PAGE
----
| Islam, the Greeks and the Scientific Revolution, part 1
| Monday, May 30, 2016
India has a long-standing mathematical tradition and the Hindu numerical
system is one of its most important contributions to world culture.
was slowly introduced in Western Europe during the Middle Ages, gained
momentum after the Italian mathematician Fibonacci in 1202 published his
book Liber Abaci and reached wide acceptance during the Renaissance.
Europeans learned about Indian numerals via Arabs, which is why they
were mistakenly called Arabic numerals in the West.
They were superior
to Roman numerals in several ways, the revolutionary concept of zero
being one of them. There is no doubt that this numerical system reached
the West via the Islamic world, but we should remember that since the
Middle East is situated between India and Europe, any ideas from India
by necessity had to pass through that region to reach Europe.
sure how much credit we should give Islam for this geographical
accident. Al-Razi was a talented Persian physician and chemist who lived in the
ninth and early tenth century. He combined Greek, Indian and Persian
traditions, and relied on clinical observance of patients in the
Hippocratic tradition. He also commented, and criticized, the works of
philosophers such as Aristotle. Some of his writings were translated
As Ibn Warraq writes in his book Why I Am Not a Muslim,
“Perhaps the greatest freethinker in the whole of Islam was al-Razi,
the Rhazes of Medieval Europe (or Razis of Chaucer), where his prestige
and authority remained unchallenged until the seventeenth century. “Civilization is the progress toward a society of privacy. The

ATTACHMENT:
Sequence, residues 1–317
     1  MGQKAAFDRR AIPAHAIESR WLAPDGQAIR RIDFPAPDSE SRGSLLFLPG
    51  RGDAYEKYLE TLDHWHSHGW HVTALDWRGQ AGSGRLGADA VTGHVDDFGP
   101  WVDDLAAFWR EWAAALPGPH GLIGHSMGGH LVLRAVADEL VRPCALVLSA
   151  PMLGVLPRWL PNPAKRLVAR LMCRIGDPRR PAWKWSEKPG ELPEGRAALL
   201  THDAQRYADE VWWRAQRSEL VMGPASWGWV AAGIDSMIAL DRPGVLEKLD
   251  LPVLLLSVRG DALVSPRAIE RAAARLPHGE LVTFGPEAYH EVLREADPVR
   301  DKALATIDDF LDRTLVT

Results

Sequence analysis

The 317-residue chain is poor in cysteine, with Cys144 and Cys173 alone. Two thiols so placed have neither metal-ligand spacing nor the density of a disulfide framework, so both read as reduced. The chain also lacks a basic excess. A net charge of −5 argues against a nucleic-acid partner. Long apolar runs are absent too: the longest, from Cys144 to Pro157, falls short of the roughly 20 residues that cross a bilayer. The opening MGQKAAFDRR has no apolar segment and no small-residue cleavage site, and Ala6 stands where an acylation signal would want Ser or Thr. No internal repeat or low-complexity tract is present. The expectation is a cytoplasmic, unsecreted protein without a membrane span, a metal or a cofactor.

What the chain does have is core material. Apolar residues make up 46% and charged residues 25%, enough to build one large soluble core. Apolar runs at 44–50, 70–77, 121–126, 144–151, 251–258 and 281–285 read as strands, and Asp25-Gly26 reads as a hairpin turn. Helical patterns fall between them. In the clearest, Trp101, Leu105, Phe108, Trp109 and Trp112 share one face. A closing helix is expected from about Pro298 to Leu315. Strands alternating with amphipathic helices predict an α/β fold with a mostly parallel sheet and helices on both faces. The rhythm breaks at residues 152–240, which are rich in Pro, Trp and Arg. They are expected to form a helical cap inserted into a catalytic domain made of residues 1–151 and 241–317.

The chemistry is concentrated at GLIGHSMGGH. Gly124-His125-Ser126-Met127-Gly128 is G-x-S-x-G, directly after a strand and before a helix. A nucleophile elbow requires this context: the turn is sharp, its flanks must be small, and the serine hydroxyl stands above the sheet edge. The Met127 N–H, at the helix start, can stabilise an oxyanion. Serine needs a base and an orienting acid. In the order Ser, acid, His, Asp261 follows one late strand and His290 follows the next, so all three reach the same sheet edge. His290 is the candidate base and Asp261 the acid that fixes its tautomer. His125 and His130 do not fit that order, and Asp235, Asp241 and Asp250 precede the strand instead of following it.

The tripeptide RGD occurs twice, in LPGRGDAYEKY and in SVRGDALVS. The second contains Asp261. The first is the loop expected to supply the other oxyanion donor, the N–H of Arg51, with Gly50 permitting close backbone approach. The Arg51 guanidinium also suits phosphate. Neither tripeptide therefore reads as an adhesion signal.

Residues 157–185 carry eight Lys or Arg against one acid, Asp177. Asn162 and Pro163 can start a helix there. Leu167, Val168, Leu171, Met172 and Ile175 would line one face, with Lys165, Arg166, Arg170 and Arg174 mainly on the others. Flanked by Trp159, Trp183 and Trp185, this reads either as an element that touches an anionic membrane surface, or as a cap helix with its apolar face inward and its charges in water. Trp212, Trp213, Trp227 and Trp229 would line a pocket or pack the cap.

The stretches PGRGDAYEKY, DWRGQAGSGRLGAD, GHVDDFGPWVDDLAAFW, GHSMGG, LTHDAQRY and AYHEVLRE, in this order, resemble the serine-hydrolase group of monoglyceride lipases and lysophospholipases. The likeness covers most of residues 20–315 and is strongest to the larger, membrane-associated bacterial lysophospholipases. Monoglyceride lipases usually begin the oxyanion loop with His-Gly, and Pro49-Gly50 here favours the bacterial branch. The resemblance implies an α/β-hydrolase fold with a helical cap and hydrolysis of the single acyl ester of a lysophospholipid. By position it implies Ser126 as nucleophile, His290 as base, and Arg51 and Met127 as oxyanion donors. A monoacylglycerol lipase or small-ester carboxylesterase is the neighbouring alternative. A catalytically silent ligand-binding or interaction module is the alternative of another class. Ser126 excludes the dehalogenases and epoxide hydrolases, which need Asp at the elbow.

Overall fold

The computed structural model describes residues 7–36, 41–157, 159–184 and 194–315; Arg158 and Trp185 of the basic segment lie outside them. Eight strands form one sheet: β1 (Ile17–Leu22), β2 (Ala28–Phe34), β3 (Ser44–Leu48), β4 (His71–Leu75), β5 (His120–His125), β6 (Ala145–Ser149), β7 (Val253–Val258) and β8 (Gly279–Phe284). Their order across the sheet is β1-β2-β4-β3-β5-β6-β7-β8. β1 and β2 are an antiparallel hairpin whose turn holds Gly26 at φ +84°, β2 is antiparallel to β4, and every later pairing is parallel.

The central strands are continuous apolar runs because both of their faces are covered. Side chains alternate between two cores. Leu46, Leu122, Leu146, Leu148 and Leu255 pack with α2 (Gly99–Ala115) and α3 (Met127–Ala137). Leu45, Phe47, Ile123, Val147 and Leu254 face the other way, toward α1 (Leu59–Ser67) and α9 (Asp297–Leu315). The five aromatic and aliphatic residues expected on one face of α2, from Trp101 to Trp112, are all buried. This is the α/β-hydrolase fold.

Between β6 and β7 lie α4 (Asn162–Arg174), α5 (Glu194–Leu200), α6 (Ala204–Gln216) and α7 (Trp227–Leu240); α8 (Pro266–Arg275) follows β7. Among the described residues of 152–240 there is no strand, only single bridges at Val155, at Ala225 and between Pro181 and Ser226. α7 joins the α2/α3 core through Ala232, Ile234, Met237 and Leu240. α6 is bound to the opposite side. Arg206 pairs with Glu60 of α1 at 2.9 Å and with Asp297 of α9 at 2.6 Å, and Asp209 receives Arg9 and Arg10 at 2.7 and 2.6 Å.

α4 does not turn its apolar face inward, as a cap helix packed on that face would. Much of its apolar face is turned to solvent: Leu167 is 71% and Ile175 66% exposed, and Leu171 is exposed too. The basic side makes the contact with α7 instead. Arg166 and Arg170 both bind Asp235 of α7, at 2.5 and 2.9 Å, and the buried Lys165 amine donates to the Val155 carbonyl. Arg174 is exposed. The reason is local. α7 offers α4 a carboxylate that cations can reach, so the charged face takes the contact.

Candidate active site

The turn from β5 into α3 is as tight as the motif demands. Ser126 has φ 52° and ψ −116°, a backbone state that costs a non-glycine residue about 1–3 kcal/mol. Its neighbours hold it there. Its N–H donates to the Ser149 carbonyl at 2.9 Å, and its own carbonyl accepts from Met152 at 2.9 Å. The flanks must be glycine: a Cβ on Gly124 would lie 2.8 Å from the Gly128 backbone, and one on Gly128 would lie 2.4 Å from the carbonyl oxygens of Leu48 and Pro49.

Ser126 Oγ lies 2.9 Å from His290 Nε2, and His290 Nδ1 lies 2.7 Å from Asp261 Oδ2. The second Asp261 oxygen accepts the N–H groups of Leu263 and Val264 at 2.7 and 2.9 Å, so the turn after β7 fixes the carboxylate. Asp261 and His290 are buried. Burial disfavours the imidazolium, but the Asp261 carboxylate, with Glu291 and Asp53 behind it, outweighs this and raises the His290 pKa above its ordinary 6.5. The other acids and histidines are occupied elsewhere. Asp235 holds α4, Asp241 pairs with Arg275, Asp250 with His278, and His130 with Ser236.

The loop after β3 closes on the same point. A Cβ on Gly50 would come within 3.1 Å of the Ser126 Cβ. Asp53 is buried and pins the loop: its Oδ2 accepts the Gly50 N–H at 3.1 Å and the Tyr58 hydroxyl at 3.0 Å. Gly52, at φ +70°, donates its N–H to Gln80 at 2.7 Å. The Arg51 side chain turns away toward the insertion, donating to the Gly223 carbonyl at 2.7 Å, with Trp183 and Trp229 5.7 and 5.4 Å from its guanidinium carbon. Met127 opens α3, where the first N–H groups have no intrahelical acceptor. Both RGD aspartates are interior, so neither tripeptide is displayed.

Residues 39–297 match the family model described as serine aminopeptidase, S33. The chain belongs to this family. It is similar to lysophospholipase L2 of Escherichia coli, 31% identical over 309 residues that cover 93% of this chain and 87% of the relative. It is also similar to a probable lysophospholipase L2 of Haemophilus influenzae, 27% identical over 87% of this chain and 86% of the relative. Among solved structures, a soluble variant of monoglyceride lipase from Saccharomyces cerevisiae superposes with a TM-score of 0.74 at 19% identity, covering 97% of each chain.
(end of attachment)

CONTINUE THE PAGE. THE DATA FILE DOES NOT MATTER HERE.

savage’s whole existence is public, ruled by the laws of his tribe.
Civilization is the process of setting man free from men.”
A Danish man
who lived in Iran before the Revolution in 1979 noticed that if he
suggested to his Muslim friends that he would like to enjoy some privacy
for while, they thought he was crazy. The very notion of “privacy” was
alien to them because it implies that you are an autonomous individual
with needs of your own. A Muslim is simply an organic part of the Umma,
the Islamic community. This lack of individualism and individual liberty
is one of the main reasons why Muslims lost out to other cultures.
On the other hand, I believe the West has in recent decades gone too
far in making individualism the sole basis of our culture. When a nation
is reduced to nothing more than an atomized collection of individuals,
with no ties to the past and no obligations to future generations,
mounting a defense of a lasting society becomes difficult, if not
Read it all here...........................
|posted by D.Swami Gwekanandam @ 5:04 AM